* Works of art that are room-size are called installations; their large scale helps to make an impressive statement.

Betye Saar

Betye Saar is a Los Angeles artist, born in 1926. She grew up in Pasadena, where her childhood was consumed with "making things" to amuse herself while her mother worked. She remembers having a "super-super-powerful imagination." She invented stories and songs, enjoyed collecting bits of glass and all kinds of things. She always had the sense that someone else's trash might be her treasure.

Saar pursued her college education in art, training as a costume designer at the University of California in Los Angeles. She married and raised a family of throe daughters. She resumed her artwork, working in printmaking and then making assemblages in boxes with family mementos. She discovered the boxes of Joseph Cornell and this stimulated her to pursue such work further.

Her early work dealt with the social and political concerns of blacks in the 1960s. Since then, she has been awarded two grants from the National Endowment for the Arts and has exhibited widely. Her more recent work has involved an exploration of her own heritage and beliefs. Currently, she is working on a collaboration with her daughter, Alison, who is also an artist. Entitled "Secrets, Dialogues, Revelations: The Art of Betye and Alison Saar," this travelling exhibition can be seen as follows:

Museum of Contemporary Art, Chicago, Illinois: July 14-Sept. 16, 1990

Smith College Museum of Art, Northampton, Massachusetts: Jan. 6-Mar. 3, 1991

Contemporary Arts Center, Cincinnati, Ohio: Mar. 22-May 25, 1991

The Oakland Museum, Oakland, California: June 29-Aug. 25, 1991

Saar has completed three public art commissions: On Our Way can be seen in the Metrorail Station in Miami, Florida; Fast Trax can be seen in the Newark train station, Newark, New Jersey; and L.A. Energy can be seen on 5th Street in downtown Los Angeles.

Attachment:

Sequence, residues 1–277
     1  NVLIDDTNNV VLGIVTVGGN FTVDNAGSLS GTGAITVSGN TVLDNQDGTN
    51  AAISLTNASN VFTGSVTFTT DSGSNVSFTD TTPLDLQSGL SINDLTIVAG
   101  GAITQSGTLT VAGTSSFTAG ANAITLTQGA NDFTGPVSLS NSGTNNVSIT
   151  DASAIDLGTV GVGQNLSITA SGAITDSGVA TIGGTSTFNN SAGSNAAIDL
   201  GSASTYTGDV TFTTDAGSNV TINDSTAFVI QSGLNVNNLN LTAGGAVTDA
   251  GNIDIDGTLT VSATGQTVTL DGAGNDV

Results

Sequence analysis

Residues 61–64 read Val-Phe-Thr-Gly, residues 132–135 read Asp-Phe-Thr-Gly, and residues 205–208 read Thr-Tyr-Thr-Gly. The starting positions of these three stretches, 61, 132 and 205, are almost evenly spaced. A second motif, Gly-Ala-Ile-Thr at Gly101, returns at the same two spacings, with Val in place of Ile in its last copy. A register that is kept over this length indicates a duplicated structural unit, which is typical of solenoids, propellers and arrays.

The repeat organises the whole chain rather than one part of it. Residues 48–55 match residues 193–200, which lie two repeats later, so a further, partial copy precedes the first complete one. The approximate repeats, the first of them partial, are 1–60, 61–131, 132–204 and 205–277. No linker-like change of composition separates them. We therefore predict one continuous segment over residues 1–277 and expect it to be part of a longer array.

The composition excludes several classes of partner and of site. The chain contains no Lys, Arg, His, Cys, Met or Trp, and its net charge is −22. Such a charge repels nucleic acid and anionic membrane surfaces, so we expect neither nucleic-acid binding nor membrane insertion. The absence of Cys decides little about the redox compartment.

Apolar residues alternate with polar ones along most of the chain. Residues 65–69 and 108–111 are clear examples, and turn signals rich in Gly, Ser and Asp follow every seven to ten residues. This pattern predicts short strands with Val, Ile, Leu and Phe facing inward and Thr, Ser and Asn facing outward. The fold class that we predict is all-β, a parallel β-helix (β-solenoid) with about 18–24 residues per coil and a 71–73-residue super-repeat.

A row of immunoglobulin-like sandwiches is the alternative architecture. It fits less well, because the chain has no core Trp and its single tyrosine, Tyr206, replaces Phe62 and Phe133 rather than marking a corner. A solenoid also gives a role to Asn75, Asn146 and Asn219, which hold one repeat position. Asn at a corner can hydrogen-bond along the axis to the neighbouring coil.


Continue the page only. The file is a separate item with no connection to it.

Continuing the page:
Suggested activities

The following activities can be adapted for any grade level.

* Suggest that your students make an inventory of how much time they spend watching television and playing video games. Initiate a brainstorming session to identity things they might do should they find the television suddenly out of order. Sort through these ideas with your students, helping them identify those which might develop their imagination. Encourage students to substitute imaginative activities for television watching. Make a place in your room to display stories, songs, images, constructions, etc. which students do at home on their own.

* Ask your students to inventory the number of technological objects they encounter in the course of a normal day. Make a chart on which they can identify the function of the object and how it extends our human abilities; the level of the technology involved--simple to complex; and the degree to which they understand how it works. Ask them to consider what technological advances they anticipate in their future. They might consider addressing a new need or combine several existing objects into a new hybrid. Have them develop a visual image or model of such a development, noting its function and importance to human beings.

* Ask your students to clean out their rooms, looking for brokent toys and whatever "technological debris" they might have from broken transistor radios, clocks, household appliances, etc. Have them bring a bag of these "discards" to school. As a class, begin to sort through them looking for families of colors, patterns and textures. Discuss the possibilities for giving these objects new meaning by: incorporating one or more broken parts of toys or objects into a drawing or assemblage that changes the meaning of the object by changing its context, i.e., part of a broken toy now becomes the body of a robot; integrating diverse kinds of objects and images together in a box that would create a sense of beauty and mystery; making a class installation on a bulletin board, organizing these objects into a new image--a city of the future, space stations, robots, people, animals, etc. Have students work in pairs to develop various parts of the total image.


Munro, Eleanor, Originals: American Women Artists. New York: Simon and Schuster/Touchstone Books, 1979.

Karen L. Carroll is Chair, Department of Art Education, Maryland Institute, College of Art, Baltimore. Maryland.

Note: "Art as a Verb," a videotape which includes shots of Mojotech and comments by several block artists, including Saar, is available for $30 from the Maryland Institute, College of Art, office at Graduate Studies, Baltimore, Maryland
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Article Details
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Title Annotation:Looking/Learning
Author:Carroll, Karen L.
Publication:School Arts
Date:May 1, 1990